FTC: 1 in 10 adults are fraud victims
More than 26 million Americans were scammed in 2011, falling victim to dubious offers like weight-loss products that do nothing and non-existent mortgage relief.
It seems that around just about every corner is another scam. And a recently released survey by the U.S. Federal Trade Commission shows that really is the case.
More than one in 10 adults -- some 26.5 million Americans -- were victims of fraud in 2011, the new study found.
The most likely place to become a fraud victim these days should come as no surprise. It's right here, online. Internet-based scams -- those accelerated by email, social media, online auctions and online classified ads -- topped the list.
The top 10 most commonly reported frauds and the estimated number of victims, according to the survey, include:
- Weight-loss Products (5.1 million)
- Prize Promotions (2.4 million)
- Unauthorized Billing for Buyers’ Club Memberships (1.9 million)
- Unauthorized Billing for Internet Services (1.9 million)
- Work-at-Home Programs (1.8 million)
- Credit Repair Scams (1.7 million)
- Debt Relief (1.5 million)
- Credit Card Insurance (1.3 million)
- Business Opportunities (1.1 million)
- Mortgage Relief Scams (800,000)
Fraud was not an equal opportunity crime. African Americans (17.3%) and Hispanics (13.4%) were more likely than non-Hispanic whites (9%) to be victimized, the survey found. In addition, those with less than a high school education were more vulnerable as were "consumers who were more willing to take risks and those who had recently experienced a negative life event." Negative life events include such things as divorce, death of a loved one and job loss.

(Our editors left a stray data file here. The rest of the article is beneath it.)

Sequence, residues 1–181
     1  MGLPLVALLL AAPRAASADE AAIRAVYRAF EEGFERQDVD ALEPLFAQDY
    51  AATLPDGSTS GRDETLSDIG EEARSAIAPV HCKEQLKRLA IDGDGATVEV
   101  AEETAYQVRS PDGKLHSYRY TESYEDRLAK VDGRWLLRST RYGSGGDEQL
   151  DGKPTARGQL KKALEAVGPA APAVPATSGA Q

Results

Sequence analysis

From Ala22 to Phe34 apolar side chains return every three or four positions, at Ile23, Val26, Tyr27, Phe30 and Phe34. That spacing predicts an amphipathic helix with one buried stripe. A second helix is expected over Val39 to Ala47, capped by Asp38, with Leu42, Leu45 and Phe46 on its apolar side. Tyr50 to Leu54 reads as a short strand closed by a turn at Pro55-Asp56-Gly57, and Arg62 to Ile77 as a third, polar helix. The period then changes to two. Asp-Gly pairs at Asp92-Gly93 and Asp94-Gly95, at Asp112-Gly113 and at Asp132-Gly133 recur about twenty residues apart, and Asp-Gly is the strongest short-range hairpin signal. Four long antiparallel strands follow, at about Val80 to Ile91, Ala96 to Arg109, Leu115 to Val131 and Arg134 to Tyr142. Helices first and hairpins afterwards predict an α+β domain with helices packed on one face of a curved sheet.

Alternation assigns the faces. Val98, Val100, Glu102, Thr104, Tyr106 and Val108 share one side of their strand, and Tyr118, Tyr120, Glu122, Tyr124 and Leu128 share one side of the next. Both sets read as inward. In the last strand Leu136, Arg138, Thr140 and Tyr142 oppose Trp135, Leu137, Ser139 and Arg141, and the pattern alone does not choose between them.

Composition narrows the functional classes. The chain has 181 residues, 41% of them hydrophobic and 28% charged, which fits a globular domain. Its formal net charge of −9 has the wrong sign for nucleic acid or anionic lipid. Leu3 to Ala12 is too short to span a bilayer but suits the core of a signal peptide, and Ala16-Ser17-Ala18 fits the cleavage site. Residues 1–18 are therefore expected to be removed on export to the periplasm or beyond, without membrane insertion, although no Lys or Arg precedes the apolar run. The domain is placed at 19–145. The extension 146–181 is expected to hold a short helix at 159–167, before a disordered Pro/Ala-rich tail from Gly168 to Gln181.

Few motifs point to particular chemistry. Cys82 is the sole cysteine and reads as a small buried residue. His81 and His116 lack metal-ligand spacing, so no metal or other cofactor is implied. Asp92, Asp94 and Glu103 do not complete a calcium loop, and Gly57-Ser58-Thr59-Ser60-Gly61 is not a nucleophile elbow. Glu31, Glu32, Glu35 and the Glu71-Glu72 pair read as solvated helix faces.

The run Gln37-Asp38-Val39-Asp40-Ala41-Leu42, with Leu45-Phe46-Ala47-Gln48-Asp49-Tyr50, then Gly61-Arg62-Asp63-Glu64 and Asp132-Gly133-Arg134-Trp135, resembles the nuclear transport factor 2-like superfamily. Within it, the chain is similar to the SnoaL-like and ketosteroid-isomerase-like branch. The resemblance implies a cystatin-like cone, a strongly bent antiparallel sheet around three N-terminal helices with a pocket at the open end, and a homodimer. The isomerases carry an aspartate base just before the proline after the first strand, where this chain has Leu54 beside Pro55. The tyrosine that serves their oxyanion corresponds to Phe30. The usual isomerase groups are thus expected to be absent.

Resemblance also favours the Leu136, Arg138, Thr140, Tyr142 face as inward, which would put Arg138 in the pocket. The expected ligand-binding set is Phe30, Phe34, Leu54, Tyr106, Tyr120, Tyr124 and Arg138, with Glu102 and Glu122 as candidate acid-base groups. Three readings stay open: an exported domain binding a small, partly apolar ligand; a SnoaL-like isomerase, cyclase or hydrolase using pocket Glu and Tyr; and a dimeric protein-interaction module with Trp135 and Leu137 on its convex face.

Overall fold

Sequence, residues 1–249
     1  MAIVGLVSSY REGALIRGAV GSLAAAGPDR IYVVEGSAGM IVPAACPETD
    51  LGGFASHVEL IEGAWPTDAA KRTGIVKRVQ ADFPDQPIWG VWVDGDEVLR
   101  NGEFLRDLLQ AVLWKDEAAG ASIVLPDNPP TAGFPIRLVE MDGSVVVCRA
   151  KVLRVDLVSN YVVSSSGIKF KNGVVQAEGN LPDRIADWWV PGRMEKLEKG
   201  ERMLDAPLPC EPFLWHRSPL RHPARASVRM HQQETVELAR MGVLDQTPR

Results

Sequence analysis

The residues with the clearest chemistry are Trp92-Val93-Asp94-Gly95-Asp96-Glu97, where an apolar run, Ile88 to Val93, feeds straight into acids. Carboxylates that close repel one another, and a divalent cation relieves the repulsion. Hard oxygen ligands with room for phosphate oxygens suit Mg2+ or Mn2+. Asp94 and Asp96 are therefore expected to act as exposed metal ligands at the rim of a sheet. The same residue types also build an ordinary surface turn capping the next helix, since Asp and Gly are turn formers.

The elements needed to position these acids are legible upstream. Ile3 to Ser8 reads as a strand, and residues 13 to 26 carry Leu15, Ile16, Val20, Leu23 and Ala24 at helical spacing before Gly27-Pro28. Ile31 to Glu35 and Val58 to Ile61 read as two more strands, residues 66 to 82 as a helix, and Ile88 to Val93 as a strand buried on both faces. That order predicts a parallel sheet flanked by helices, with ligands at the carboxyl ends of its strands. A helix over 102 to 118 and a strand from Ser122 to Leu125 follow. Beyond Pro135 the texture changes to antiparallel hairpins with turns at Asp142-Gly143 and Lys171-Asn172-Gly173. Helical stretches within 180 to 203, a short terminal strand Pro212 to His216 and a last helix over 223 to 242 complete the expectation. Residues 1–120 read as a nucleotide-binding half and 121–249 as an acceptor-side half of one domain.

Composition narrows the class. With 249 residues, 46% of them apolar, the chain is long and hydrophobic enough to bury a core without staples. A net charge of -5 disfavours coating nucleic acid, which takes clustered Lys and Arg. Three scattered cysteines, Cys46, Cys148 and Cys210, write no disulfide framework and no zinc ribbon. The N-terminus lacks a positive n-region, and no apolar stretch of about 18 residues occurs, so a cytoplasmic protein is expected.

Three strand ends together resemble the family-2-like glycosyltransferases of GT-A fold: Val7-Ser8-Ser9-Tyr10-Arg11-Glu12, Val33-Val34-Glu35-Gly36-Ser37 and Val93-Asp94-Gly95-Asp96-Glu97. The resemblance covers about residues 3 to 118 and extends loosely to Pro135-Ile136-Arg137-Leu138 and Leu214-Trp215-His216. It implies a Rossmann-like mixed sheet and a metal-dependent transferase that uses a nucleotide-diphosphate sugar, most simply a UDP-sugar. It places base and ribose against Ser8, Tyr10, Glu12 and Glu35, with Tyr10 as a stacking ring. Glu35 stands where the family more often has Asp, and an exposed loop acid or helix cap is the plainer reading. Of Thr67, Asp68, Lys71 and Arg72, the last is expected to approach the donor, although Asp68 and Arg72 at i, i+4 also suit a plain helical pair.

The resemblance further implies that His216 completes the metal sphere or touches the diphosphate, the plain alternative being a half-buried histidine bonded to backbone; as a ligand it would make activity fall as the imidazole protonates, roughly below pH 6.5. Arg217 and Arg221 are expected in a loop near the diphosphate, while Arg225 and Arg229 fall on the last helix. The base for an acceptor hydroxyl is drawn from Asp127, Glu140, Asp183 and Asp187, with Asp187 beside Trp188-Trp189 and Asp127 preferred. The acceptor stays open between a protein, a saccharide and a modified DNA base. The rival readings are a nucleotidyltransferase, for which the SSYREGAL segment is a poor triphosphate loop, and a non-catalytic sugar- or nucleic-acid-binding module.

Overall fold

This is the third time the FTC has released a fraud survey report. Previous reports were issued in 2004 and 2007.
Here are some tips from the FTC about avoiding online scams:
- Be clear who you are really doing business with, and try to determine their track record of dealing with others.
- Be wary of anyone you don't know who asks you to wire money. Wire transfers are the same as using case and it's next to impossible to recover money sent that way.
- Stay on top of your monthly statements and look for charges you didn't authorize.
- Use skepticism when someone claims you can earn a lot of money in an investment that is virtually a sure-thing.
- Don't send someone money so that you can collect a prize, contest award or any other benefit that will supposedly come later.
- Never send your personal or financial information to someone, or some company, that has emailed you, even if it looks legitimate. If the request comes from an entity you do business with, contact them at a number that you have, independent of what is in the email.
More from MSN Money:
- Cellphone cramming charges filed
- Cost of car ownership rising
- Warning issued over Boston Marathon scams
- Goodnighties told to tone down claims
- Prepaid cards fraught with fees
- Car repair costs on the rise
what the **** is "case"?
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